On appeal, Campbell argues that the district court: (1) failed to either consult the Guidelines or to properly calculate Campbell's advisory Guidelines range; (2) imposed an unreasonable sentence in violation of United States v. Booker, 543 U.S. 220, 262, 125 S.Ct. 738, 766, 160 L.Ed.2d 621 (2005); and (3) failed to elicit objections after imposing sentence as required by United States v. Jones, 899 F.2d 1097 (11th Cir.1990), overruled on other grounds by United States v. Morrill, 984 F.2d 1136 (11th Cir.1993). Because the existence of a Jones violation impacts whether and how we review Campbell's other grounds for appeal, we address this issue first.
A. The Objection-Elicitation Requirement of Jones
Campbell argues that the district court failed to elicit objections after imposing sentence as required by Jones and that this court should vacate and remand for resentencing. The Government argues that Jones is inapplicable to supervised release revocation hearings, the district court nonetheless complied with Jones, and even if it did not, the record is sufficient to enable appellate review of Campbell's other grounds for appeal.
In Jones, this court held that after imposing a sentence, the district court must give the parties an opportunity to object to the court's ultimate findings of fact, conclusions of law, and the manner in which the sentence is pronounced, and must elicit a full articulation of the grounds upon which any objection is based. Jones, 899 F.2d at 1102. Under this rule, when a district court fails to elicit objections after imposing a sentence, we normally vacate the sentence and remand to the district court to give the parties an opportunity to present their objections. Id. at 1103. A remand is unnecessary, however, when the record on appeal is sufficient to enable review. United States v. Cruz, 946 F.2d 122, 124 n. 1 (11th Cir.1991).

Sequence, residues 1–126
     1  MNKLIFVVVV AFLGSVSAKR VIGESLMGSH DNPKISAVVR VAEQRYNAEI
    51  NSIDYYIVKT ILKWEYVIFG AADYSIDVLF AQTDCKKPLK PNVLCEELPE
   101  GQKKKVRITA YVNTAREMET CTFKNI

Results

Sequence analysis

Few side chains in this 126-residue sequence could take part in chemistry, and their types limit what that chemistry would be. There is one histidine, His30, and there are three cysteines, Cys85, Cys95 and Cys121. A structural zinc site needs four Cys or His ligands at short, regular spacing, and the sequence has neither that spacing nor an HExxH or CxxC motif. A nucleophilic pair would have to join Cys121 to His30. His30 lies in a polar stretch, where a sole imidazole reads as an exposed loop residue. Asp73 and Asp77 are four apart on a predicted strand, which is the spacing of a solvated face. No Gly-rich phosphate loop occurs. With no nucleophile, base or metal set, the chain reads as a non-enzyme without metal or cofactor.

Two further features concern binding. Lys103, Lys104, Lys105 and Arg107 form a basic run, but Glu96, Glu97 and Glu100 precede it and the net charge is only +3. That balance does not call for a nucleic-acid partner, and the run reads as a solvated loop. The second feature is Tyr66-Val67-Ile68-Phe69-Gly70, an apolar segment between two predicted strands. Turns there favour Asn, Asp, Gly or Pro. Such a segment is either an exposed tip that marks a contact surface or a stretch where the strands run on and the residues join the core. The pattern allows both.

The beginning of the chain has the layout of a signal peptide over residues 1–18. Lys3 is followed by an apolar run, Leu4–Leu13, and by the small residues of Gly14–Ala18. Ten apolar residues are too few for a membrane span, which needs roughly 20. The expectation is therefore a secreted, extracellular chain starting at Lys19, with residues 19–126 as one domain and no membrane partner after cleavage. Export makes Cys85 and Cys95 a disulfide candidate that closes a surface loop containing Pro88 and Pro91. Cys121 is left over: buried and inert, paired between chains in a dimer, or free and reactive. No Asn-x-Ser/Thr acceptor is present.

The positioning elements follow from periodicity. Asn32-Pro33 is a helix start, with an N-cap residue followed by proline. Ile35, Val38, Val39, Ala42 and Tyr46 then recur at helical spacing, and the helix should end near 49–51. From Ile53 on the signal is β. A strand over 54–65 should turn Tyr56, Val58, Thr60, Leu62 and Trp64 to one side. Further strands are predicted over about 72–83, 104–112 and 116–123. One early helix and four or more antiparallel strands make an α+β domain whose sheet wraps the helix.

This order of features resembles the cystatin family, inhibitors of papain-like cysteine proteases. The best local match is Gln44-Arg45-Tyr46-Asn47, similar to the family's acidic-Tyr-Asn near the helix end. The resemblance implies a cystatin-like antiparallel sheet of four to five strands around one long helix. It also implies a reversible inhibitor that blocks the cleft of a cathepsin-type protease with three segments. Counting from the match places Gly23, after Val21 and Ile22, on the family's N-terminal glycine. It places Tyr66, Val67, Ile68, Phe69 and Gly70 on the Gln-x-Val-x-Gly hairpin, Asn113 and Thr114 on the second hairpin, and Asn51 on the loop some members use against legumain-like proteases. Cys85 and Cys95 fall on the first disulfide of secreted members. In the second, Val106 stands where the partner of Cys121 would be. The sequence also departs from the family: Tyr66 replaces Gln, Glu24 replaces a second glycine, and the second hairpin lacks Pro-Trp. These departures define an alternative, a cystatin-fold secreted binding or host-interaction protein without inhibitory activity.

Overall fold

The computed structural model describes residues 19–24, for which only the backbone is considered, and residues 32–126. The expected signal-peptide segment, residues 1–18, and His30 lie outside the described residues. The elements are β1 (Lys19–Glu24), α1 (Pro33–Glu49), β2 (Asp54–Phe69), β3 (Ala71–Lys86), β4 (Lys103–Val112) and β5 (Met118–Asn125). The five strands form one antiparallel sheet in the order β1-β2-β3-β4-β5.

This court has applied the Jones rule to a probation revocation proceeding. United States v. Milano, 32 F.3d 1499, 1503 (11th Cir.1994) (holding that there was no Jones violation in a probation revocation hearing where the district court elicited objections), superseded on other grounds by statute, Violent Crime Control and Law Enforcement Act of 1994, Pub.L. No. 103-322, 108 Stat. 1796, as recognized in United States v. Cook, 291 F.3d 1297, 1300 n. 3 (11th Cir.2002). And this court has held that probation revocation proceedings are “conceptually the same” as supervised release revocation proceedings. United States v. Frazier, 26 F.3d 110, 113 (11th Cir.1994); see also United States v. Mitsven, 452 F.3d 1264, 1266 n. 1 (11th Cir.2006) (noting that the analysis of the revocation proceedings relating to probation is “essentially the same” as the analysis of the revocation proceedings relating to supervised release). Accordingly, we hold that the objection-elicitation requirement of Jones is applicable to supervised release revocation proceedings.